When I was a reporter in the Louisiana State Capitol, toiling in grubby quarters beneath the building’s front steps, another reporter once came to me in frustration. He thought he had a state representative cornered — something about a broken promise to back a bill under certain conditions — but instead of coming clean, the guy was offering double-speak.
I hadn’t been in the business for long at that point, but I had met enough politicians to know that my friend wasn’t going to draw out some dramatic admission. This lawmaker was too smart. He knew that politics isn’t a business of truth.
Or, rather, he knew that it’s a business of truth, enhanced — which is why it seems fitting that, after Inauguration Day, the nation was aflutter over whether or not Beyonce sang the National Anthem on the steps of the US Capitol. Reports swerved back and forth all week: She’s the greatest singer of all time! No, she’s a liar! No, she’s the greatest lip-syncher of all time! And pity the poor US Marine Corps Band spokeswoman who tried to honestly answer a question about a backing track, and managed to draw out the full wrath of the Beyonce/Jay-Z publicity machine.
Even if Beyonce didn’t sing live, nobody should care. And that’s not just because she’s capable of belting out the song, or because these matters place low on the big-picture priority list. The point is that no one is truly honest in Washington. Why should Beyonce be any different?
Dishonesty — truth enhancement, if you prefer — takes a variety of forms. Sometimes, it’s a subtext, rolling along like a backing track. It’s entertaining to imagine a political-truth translator, applied to this week’s Benghazi hearings:
Senator to Hillary Clinton: I want to thank you for your many years of dedicated service to this country.
Translation: You might be president someday, so I need to stay somewhat on your good side, despite the fact that I’m now going to launch into some talking-point attacks.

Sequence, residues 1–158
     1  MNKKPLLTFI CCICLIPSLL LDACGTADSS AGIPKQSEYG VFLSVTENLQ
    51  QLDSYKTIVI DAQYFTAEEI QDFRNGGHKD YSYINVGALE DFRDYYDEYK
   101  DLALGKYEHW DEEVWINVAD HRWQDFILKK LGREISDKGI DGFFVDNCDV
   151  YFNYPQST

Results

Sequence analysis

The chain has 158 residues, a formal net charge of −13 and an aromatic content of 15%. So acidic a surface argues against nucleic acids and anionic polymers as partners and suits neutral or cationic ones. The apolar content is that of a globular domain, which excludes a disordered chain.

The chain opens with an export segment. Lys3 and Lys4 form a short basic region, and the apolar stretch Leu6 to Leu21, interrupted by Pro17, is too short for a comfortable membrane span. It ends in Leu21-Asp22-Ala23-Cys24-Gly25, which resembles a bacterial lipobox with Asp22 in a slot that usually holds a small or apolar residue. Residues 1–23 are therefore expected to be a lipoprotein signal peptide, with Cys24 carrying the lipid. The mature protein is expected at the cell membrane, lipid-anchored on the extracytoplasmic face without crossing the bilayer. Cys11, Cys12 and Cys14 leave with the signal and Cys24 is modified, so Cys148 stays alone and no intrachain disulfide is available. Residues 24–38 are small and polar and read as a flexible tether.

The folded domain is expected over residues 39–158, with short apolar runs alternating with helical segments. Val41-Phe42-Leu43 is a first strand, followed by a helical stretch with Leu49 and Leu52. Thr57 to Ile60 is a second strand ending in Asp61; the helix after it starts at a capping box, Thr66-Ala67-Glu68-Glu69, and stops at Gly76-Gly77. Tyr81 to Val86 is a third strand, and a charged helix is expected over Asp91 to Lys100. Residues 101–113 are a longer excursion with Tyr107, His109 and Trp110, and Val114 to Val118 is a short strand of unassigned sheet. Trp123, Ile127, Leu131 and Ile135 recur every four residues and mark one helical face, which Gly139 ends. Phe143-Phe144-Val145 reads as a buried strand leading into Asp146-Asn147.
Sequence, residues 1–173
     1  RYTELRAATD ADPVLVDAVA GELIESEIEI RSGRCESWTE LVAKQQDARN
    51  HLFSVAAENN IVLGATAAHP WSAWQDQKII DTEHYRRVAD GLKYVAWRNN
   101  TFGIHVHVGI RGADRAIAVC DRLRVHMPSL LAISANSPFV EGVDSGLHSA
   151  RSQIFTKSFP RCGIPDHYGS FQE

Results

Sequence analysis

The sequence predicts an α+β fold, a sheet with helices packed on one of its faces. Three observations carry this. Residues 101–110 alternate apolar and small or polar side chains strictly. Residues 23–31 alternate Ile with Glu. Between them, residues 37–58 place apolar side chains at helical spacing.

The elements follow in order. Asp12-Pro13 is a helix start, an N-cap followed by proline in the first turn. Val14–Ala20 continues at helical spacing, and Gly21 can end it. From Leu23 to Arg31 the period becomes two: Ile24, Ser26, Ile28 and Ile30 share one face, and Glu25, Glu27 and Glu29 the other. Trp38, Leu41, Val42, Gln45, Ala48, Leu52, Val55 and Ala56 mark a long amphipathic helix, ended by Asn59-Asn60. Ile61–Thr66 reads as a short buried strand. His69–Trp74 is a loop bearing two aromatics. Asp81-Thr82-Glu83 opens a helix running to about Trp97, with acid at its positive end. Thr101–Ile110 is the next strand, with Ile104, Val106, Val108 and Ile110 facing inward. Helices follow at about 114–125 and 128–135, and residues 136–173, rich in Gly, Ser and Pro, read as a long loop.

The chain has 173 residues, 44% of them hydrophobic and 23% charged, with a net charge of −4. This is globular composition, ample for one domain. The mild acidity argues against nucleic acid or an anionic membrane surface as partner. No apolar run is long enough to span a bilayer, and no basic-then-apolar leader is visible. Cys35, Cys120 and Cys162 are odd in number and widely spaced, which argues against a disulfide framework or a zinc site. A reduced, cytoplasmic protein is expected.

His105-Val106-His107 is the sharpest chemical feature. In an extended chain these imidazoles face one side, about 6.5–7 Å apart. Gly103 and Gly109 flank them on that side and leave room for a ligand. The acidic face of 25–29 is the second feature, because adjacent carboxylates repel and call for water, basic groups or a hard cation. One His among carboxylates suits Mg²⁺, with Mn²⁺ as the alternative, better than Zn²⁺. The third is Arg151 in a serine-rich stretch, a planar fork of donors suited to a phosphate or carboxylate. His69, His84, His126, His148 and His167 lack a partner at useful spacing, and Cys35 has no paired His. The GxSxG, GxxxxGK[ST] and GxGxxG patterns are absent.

Clinton: Thank you very much.
Translation: I will crush you, as needed, when the time comes.
Not-quite-honesty helps everyone get along. It also gets results. Think about how much D.C. rhetoric is built on a certain level of enhancement. Anytime you hear that there’s a “war on” some cause or population, or that someone is trying to “take away your rights.’’ Anytime a fundraising letter goes out, about practically anything. It would be hard, after all, to build a grassroots campaign under the banner of “Things are fine, but could use some tweaking around the edges.” (Or, for greater honesty: “We have won the battle and we should probably just disband, but we have a lot of folks on staff who still need jobs.”)
Political rhetoric works, in part, because we’re hard-wired to succumb. Consider a study published last summer in the Psychonomic Bulletin & Review, in which researchers from New Zealand and Canada said they’d found proof of the power of “truthiness” — Stephen Colbert’s term for the willingness to believe something because it feels right. In a series of experiments, they found that subjects were more likely to believe a claim if it was accompanied by a photograph. The researchers concluded that photos give “an aura of plausibility,” and that auras are easy to believe.
It’s easy to jump off from here into a sob song of betrayal, to see the entire political apparatus as the work of dirty scoundrels. But sometimes, small falsehoods are used in service to a greater good. The movie “Lincoln” shows the not-entirely-honest-in-the-moment machinations of a man trying to end slavery and reunite a nation, and makes the point that sometimes lies and obfuscations are necessary for getting useful things done.
Lincoln knew his craft well enough, the movie suggests, to understand that pure truth is rarely something we should expect — that if you act with perfect honesty, you run the risk of getting crushed like some poor, obscure Marine Corps spokeswoman. She should have said what her boss eventually did, when he undertook Beyonce-driven damage control: “No one in the Marine Band is in a position to assess whether it was live or pre-recorded.” A gorgeous example of double-speak. That’s the American way.